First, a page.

"اَلْشِّتاء حارّ اَلآن."
Translation:The winter is hot now.
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When it comes to the temperature of your food, that's true, but not the weather. In English, calling the weather "hot" feels a bit extreme, like it's really really warm out, but Arabic حار just describes summer temperatures in general. Calling the weather دافئ in Arabic is something you'd do during the winter when there is a certain spot that feels like it's shielded from the cold or something like that. Maybe a day that is not as cold as the rest of the week, or a country/city that isn't as cold as you're used to. So really, دافئ is used to contrast with "cold," but wouldn't come on its own to describe weather.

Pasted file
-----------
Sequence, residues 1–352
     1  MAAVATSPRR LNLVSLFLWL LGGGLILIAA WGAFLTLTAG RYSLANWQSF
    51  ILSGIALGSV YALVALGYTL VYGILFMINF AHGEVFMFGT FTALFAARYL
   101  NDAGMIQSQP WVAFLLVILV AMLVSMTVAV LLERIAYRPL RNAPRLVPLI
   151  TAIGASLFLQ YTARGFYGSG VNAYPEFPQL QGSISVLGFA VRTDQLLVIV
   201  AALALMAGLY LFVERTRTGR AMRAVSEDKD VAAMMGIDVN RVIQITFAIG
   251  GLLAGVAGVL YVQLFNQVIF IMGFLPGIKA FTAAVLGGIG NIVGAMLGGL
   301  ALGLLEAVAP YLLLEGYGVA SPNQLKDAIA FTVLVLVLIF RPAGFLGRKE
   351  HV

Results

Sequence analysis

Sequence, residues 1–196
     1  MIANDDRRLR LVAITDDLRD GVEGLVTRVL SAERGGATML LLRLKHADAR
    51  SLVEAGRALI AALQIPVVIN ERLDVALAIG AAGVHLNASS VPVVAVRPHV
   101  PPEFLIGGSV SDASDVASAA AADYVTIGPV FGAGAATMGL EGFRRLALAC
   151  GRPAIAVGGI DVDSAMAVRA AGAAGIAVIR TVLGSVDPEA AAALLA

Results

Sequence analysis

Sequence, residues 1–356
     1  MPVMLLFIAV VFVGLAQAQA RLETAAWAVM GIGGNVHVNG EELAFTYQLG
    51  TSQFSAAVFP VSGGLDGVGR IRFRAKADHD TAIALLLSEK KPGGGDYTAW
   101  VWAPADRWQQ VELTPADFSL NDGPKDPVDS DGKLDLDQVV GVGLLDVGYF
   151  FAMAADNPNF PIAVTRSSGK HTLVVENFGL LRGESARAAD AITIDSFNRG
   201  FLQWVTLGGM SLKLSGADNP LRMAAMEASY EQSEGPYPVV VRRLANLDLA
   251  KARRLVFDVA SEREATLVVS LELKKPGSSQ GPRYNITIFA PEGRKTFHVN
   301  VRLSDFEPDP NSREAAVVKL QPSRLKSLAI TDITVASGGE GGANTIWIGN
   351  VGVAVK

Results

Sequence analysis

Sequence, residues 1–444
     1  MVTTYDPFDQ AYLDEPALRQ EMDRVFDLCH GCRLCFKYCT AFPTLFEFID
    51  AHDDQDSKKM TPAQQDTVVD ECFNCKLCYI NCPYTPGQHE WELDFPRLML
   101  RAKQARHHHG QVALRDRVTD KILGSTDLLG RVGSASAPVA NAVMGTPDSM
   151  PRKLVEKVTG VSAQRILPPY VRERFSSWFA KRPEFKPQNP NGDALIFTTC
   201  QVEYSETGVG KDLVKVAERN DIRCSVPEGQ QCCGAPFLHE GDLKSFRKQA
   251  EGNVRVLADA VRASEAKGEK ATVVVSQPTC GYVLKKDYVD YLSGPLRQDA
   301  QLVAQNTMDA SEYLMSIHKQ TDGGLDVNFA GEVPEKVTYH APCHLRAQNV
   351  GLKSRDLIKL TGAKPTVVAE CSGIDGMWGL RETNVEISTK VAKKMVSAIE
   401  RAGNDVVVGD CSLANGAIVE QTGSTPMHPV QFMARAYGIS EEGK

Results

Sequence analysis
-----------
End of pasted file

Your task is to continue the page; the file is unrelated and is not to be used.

La "vague" sur la lettre ا, ça sert à indiquer qu'il y a une voyelle longue qui suit le son de l'arrêt glottal representé par cette lettre. Je ne suis pas sûr qu'est-ce que tu veux dire par "barre verticale," mais on indique le son /a/ par un accent sur la lettre, et le son /i/ par un accent dessous.